Edward Demenchonok Intercultural Discourse and African-Caribbean Philosophy
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The explosion of publications on race, gender, and minority cultures during recent decades was a natural reaction to the universalistic pretensions of Western philosophy, for which many of these issues were invisible. The theoretical articulation of these issues has substantially contributed to the transformation of philosophy. However, the side-effect of an overemphasis on difference is an underestimating of unity, which may lead to disintegration. The challenge to philosophical thought on race, gender, and culture is to reconcile the difference with commonality, and diversity with unity. This essay explores the issues of cultural identity and intercultural relations and their interpretation in African-Caribbean thought. The first part of the essay surveys the current debate over multiculturalism, which promotes diversity but overlooks the interrelations of cultures, and the alternative ideas of interculturality or the dialogue of cultures. Thedissatisfaction with multiculturalism and postmodern relativism stimulated alternative approaches, such as “transculture” and “intercultural philosophy”. Mikhail Epstein criticizes relativism from the perspective of “critical universalism” and develops the concept of “transculture”. Raúl Fornet-Betancourt’s project of the intercultural transformation of philosophy asserts the cultural embedding of philosophical thinking and draws attention to the indigenous and African thought. The second half of the essay focuses on the ideas of identity and interculturality as they are expressed in African-Caribbean philosophy. This philosophy is viewed as a part of Africana philosophy. Various theoretical approaches to the issues of race and culture are examined: Charles Mills’ concept of “racial contract”, Lewis Gordon’s “Africana philosophy of existence”, and Paget Henry’s project of Africana philosophy, which combines the existentialphenomenological approach with analysis of the discursive formations in search for the identity of this philosophy. The analysis shows that in the evolution of African-Caribbean philosophy, as in Latin American and other “Third World philosophies”, the initial focus on the search for identity is followed by more interest in dialogical relationships with other philosophies as a condition for its own development.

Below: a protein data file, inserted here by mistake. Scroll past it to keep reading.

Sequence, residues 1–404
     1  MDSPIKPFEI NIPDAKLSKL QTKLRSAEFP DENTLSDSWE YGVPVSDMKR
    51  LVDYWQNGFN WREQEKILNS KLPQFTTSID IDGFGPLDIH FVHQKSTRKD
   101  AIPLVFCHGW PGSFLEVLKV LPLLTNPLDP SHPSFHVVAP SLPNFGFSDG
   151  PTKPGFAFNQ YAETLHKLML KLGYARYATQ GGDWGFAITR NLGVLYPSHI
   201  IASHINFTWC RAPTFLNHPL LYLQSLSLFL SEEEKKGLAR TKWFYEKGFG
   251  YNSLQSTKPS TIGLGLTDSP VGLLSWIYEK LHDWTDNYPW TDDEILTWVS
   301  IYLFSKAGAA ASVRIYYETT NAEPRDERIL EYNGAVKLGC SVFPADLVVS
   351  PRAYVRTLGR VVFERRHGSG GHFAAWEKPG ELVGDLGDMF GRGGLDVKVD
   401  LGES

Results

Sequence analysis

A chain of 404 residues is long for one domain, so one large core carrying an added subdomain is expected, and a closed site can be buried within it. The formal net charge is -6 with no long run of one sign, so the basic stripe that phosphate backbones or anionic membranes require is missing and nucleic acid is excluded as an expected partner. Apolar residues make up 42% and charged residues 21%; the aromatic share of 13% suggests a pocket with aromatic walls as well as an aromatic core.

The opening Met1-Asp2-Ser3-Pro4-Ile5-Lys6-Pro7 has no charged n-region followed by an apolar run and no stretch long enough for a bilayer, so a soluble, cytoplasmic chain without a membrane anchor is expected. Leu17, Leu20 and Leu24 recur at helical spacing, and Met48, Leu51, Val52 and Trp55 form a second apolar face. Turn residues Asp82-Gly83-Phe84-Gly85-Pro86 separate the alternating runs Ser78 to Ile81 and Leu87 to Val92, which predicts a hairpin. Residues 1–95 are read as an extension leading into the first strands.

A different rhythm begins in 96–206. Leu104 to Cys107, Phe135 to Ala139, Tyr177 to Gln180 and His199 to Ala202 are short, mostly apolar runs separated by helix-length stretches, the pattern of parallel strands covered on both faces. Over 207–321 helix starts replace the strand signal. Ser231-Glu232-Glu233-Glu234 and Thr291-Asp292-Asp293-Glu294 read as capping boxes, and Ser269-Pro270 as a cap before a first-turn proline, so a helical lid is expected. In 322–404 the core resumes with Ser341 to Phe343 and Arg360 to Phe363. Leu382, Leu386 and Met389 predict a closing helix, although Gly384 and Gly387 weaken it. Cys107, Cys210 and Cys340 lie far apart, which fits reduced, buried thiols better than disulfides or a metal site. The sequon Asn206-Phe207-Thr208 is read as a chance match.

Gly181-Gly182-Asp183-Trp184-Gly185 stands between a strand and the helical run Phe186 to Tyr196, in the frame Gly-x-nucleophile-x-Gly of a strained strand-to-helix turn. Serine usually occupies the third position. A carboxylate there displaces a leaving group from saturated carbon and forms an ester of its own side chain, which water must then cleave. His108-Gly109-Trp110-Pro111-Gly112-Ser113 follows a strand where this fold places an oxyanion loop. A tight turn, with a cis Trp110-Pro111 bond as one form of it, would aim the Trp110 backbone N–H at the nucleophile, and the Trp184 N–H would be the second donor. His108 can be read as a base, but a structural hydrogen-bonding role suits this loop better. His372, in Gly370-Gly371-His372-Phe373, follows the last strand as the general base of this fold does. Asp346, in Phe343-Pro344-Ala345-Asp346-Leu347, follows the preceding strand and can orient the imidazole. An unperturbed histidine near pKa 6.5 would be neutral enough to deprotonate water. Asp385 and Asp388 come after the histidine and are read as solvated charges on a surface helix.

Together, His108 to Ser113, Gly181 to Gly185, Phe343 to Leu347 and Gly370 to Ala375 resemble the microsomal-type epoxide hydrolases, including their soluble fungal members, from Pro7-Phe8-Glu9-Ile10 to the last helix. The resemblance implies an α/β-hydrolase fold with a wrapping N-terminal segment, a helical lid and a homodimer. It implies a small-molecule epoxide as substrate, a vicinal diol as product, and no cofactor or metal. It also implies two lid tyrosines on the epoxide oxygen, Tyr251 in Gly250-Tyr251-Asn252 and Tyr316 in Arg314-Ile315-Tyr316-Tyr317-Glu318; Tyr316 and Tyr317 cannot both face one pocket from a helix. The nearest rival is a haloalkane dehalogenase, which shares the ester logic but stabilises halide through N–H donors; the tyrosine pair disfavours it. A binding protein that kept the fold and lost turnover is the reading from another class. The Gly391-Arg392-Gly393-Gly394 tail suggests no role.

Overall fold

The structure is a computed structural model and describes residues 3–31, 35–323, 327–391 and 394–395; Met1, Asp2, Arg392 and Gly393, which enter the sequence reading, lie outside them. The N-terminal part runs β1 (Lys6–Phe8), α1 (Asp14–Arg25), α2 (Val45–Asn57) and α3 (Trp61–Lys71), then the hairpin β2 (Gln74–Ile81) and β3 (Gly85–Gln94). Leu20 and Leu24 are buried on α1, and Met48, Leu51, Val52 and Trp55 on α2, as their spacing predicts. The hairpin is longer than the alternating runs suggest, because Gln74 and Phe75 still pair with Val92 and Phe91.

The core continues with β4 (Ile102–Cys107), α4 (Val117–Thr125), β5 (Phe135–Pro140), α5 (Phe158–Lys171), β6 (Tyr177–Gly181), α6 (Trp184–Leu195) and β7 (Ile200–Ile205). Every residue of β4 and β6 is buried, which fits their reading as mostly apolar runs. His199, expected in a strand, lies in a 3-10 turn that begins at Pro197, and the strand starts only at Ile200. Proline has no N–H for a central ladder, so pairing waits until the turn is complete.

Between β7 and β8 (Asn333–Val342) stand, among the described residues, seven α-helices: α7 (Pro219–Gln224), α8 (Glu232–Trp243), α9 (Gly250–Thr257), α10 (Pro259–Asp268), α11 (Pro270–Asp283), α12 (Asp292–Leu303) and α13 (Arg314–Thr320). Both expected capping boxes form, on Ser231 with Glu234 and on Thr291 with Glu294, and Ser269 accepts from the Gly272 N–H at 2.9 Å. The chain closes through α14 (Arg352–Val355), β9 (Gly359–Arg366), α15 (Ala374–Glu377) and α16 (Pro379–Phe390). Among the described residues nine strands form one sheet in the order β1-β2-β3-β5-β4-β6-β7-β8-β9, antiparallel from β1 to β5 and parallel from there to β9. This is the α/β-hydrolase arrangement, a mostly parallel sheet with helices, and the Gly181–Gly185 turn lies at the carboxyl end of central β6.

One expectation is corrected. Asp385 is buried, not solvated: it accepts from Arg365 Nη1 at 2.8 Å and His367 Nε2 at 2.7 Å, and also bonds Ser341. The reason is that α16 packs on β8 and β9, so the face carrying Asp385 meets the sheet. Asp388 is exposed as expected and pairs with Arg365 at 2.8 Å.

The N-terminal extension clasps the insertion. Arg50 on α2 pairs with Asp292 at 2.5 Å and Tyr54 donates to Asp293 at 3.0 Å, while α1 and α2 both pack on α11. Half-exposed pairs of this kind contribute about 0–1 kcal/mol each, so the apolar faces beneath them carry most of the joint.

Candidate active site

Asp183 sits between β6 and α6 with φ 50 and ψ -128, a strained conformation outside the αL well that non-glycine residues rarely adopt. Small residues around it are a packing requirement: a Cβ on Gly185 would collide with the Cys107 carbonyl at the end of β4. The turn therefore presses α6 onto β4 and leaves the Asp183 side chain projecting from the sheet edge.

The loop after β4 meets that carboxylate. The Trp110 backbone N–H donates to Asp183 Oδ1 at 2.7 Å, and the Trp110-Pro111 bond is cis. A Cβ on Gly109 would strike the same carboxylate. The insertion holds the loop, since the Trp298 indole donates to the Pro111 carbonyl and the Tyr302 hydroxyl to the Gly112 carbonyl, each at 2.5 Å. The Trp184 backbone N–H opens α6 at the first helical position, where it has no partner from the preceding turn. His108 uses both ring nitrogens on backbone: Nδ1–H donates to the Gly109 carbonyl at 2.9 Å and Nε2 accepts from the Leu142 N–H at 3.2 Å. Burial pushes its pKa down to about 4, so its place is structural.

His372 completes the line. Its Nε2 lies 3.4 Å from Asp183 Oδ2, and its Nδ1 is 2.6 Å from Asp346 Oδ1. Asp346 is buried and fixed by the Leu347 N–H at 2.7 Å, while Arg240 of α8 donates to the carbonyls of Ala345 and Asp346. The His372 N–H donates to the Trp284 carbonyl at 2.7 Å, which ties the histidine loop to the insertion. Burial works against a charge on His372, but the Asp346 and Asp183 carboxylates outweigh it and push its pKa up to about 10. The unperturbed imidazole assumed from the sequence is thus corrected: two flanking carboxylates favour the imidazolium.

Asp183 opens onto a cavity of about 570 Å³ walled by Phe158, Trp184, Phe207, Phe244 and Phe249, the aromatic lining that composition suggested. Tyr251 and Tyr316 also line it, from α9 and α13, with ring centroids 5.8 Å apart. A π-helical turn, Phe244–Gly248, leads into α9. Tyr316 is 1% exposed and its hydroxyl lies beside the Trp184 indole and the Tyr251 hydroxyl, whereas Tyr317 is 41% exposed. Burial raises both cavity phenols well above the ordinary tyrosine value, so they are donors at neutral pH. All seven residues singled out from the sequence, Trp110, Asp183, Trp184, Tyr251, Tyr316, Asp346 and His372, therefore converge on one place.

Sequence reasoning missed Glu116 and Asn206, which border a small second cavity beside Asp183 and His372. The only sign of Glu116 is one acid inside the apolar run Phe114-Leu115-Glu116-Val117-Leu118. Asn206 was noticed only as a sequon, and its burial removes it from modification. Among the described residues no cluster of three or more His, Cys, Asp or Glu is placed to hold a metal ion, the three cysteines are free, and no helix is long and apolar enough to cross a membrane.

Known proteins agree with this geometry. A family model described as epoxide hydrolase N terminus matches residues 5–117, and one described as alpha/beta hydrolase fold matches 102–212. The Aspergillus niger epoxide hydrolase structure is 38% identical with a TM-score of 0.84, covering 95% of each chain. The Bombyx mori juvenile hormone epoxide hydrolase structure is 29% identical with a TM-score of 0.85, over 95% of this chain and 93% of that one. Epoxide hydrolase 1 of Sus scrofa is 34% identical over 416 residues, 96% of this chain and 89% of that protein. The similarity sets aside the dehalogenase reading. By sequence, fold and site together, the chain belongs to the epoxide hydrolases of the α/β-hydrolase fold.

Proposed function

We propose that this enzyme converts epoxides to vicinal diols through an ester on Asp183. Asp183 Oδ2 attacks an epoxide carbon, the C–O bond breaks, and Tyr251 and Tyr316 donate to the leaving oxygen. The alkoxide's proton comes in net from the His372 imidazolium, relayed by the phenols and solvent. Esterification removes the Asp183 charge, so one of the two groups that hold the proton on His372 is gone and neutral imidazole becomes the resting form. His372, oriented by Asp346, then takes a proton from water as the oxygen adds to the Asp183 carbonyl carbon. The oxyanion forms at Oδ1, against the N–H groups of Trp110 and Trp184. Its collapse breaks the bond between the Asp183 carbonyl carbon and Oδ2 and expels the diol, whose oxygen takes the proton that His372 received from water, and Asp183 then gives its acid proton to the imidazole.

85. Dialogue and Universalism: Volume > 15 > Issue: 1/2
Ulrich Seeberg Philosophy—The Narrow Door to the Teaching of Wisdom: A Kantian Position
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The aim of this paper is to explain the Kantian concept of philosophy according to which philosophy can be understood as the narrow door to the teaching of wisdom. This discussion is guided by the question about the relation between logos and mythos. The thesis is that the awareness of the limits of logos, the scientific approach to the world, can be regarded as a presupposition for a proper understanding of mythos, the articulation of wisdom, which expresses the unity of contradictory elements of life. Philosophy has the function of mediating between reason and wisdom by making explicit the limits of scientific explanation. This opens a field of unrestricted and therefore not scientifically explicable thoughts: the sphere of ideas that are accessible in Ethics and Aesthetics.